Tu BiShvat, the Jewish "new year of the trees," falls this coming Sunday. The holiday has its roots in a passage in the Talmud, tractate Rosh Hashanah, about how there are four different iterations of new year's each year:
There are four New Years. On the 1st of Nisan is the New Year for kings and festivals; on the 1st of Elul is the New Year for the tithe of cattle; . . . on the 1st of Tishrei is the New Year for years, for Sabbatical years, Jubilee years, for planting and for vegetables; on the 1st of Shevat is the New Year for trees, according to the view of the School of Shammai, but the School of Hillel says, on the 15th of Shevat. (Mishnah Rosh HaShanah 1:1)
Mainstream Jewish tradition follows Hillel in most things, so we mark the new year of trees at the full moon in the middle of the month. Out of the notion that trees have their own new year (originally used to mark the age of trees, to determine when one should begin tithing fruits to God and when one could eat of the fruits oneself) came an elaborate set of holiday traditions, up to and including a mystical journey through the four worlds. I love this about Jewish tradition -- we're forever expanding small texts in new ways.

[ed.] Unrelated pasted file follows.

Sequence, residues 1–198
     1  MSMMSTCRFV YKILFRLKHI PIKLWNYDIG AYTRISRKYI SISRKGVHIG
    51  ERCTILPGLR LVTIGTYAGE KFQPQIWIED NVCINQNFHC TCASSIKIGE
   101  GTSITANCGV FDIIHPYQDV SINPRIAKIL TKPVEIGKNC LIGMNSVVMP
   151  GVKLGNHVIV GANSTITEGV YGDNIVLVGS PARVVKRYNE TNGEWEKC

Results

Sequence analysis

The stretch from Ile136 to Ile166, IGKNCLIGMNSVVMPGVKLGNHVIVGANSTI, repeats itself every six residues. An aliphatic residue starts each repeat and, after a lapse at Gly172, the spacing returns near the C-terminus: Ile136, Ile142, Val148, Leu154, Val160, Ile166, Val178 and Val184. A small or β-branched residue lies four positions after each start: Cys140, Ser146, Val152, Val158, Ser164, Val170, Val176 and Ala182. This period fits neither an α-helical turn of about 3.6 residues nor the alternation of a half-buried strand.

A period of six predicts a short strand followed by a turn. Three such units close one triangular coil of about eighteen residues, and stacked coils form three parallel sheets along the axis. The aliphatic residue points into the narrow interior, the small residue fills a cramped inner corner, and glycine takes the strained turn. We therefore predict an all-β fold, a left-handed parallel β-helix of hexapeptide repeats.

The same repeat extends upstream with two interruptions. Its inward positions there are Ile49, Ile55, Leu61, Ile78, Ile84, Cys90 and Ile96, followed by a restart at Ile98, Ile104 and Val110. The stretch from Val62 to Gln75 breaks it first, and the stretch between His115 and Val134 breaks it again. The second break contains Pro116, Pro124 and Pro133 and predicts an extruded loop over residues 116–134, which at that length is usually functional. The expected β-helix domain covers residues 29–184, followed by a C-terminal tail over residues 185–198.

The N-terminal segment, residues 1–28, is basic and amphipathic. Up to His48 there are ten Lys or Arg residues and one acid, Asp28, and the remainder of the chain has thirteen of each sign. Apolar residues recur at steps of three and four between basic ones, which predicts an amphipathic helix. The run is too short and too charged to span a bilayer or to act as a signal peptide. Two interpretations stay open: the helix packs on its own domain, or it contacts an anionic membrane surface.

I'll be celebrating at my synagogue, where we'll begin the day with a trio of environmentalism workshops for kids of various ages, and then proceed to a Tu BiShvat seder and potluck lunch. (If you live locally, you're invited; it's open to all, kids' program at 10am and seder at 11:30.) The custom of the TuBiShvat seder comes from the medieval kabbalists of Tzfat, who connected each of the four worlds with a season and symbolized each with a different combination of juices and fruits. Of course, our haggadah diverges a little bit from theirs. Call it a modern variation, based in tradition but not bound to it. I think our changes and additions are good ones. I hope you'll agree.
Enjoy the haggadah. Feel free to use it, or to modify it, or to be inspired by it to create a haggadah of your own. (And if you do use it, let me know what you think, and how it works out for you -- I'm always happy to get feedback.) May Tu BiShvat be joyful for you and yours!